Tuesday, January 29, 2008

De zaak Alzheimer (2003) aKa The Memory Of A Killer

De zaak alzheimer or The Alzheimer Case (released in the US as Memory of a Killer) is a crime thriller that (it should not come as a big surprise) is chiefly concerned with memory. The genius of this story is that it is not only about one person’s memory, but also about a nation’s collective memory as well as the use of memory in crime investigation. It all starts off simple enough; Vincke (De Bouw) and Verstuyft (De Smedt) are two police partners in 1995 Antwerp, Belgium. They are confronted with several seemingly unconnected murders, except for the fact that the method of killing seems to have been the same. Could there be a connection?

The trail leads to the aging contract killer Angelo Ledda (Decleir), who wants to get out of the business because he has the developing symptoms of the memory-plaguing Alzheimer’s disease; not really the ideal disease for a job for which such precision and concentration is required. He has agreed to one last job killing two people in his native Belgium, but turns against his patron when he discovers one of them is a 13-year-old child. His own memories and motives for being a killer somehow seem to start to haunt him now.

The homonymous novel by Jef Geeraerts on which the story is based was first published in the 1980s, but the film version of the story takes places in 1995. Since one of the victims is a child who was prostituted by her own father (who seems to be part of a child prostitution ring), the story seems to predict the happenings of the infamous Dutroux case, which was discovered in 1996, though Dutroux’s abduction and abuse of children was already well underway in 1995. The fine line between fact and fiction seem to have been purposefully blurred by the filmmakers. The memories of the viewer familiar with the case will be reminded of it whilst watching the film, much as Ledda ("as in the swan but with two ds") is troubled by his own memories (or lack of them) during his last job. Memory will also be a decisive factor once a case will be before a judge; because witnesses' accounts all come from memory, and how reliable is that memory really?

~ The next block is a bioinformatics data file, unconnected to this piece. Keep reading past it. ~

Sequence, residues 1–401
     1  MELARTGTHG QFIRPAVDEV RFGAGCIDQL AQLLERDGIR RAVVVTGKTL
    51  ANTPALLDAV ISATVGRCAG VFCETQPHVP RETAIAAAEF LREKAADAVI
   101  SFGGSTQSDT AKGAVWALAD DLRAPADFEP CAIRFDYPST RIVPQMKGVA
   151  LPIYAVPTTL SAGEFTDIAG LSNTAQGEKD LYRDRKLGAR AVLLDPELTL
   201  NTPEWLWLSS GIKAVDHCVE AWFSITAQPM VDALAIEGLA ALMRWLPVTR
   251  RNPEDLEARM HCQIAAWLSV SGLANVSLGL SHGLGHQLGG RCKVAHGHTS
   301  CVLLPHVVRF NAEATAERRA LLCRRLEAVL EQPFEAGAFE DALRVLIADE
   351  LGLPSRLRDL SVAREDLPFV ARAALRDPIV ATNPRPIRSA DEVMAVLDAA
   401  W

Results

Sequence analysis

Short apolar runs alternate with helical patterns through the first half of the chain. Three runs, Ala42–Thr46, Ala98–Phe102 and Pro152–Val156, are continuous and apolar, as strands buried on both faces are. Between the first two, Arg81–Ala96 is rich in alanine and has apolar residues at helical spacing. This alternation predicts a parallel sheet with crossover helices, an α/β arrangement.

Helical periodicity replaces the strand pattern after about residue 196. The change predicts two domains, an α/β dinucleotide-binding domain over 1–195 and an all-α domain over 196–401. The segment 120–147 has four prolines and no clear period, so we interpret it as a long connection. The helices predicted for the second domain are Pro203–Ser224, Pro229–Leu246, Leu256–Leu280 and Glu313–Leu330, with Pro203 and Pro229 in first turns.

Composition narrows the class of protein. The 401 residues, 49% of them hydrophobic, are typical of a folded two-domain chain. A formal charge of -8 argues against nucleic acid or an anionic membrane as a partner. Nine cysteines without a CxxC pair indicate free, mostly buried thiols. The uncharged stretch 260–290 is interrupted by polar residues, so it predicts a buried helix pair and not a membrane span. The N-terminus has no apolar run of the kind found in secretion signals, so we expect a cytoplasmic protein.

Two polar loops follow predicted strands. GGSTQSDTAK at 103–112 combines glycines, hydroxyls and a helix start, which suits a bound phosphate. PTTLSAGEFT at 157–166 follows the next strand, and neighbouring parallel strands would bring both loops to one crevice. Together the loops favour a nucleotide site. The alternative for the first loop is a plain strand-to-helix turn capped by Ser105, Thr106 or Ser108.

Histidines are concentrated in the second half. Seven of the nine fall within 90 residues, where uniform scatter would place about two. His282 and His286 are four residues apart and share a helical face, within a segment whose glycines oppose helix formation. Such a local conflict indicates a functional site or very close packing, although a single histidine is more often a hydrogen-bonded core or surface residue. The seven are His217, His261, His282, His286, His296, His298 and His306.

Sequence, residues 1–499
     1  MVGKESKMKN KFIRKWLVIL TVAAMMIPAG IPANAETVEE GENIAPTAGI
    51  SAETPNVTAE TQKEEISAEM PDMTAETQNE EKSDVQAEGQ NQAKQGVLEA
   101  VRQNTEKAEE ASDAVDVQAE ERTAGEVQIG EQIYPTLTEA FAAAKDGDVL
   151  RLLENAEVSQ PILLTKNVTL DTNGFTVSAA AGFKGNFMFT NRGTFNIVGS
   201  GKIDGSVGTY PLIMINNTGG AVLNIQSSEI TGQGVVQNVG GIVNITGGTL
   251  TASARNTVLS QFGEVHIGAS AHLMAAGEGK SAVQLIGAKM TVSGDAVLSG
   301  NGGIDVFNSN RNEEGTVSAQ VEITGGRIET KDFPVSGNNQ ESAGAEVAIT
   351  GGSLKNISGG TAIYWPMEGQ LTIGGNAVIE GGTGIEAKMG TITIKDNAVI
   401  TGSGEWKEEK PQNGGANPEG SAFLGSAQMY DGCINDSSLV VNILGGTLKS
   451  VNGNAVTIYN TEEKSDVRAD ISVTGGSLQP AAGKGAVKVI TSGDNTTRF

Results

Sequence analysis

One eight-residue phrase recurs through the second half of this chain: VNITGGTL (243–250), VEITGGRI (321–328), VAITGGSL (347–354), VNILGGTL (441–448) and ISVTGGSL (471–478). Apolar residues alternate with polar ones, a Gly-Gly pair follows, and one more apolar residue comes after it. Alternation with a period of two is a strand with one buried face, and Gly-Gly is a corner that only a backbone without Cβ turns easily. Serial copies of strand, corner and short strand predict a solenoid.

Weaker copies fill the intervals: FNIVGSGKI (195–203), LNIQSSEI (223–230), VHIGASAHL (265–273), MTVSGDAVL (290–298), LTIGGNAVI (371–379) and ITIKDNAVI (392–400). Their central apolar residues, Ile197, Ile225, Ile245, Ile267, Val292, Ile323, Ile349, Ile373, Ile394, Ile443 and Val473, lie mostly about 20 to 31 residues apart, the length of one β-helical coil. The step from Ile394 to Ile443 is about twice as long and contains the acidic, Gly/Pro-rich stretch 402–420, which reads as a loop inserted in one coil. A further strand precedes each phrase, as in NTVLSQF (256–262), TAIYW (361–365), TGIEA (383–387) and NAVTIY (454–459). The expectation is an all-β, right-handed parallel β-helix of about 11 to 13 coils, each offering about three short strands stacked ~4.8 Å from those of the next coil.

Director Erik Van Looy and his co-writer Carl Joos are clearly more interested in the history, politics and characters of this fictional story than in its pure crime drama aspects, though this is also neatly resolved in the end. The focus however remains always on the characters and on the environment in which they move. Politicians, high placed judges and police-officers that do not seem to have a clean conscience, conflicts of interest between rivalling police-departments and the human qualities of the not-so-standard duo of Vincke and Verstuyft lend much added weight and value to this thriller. The dynamic duo is also surprisingly funny.

Van Looy is a master at creating atmosphere and De zaak Alzheimer reminds one of the best work of David "Seven" Fincher, in which a visual style and atmosphere is always prominent but nevertheless secondary to a good story inhabited by believable characters. Which studio will be so brave as to extend Van Looy an invitation to work his magic on a big budget crime thriller from Hollywood? Surely the troubles of Belgium cannot be so specific to that country as to be wholly inapplicable to the United States or indeed any other country? This critic wants more of these social-political crime thrillers! by Boyd van Hoeij

Torrent: here
Subs: English and Dutch included

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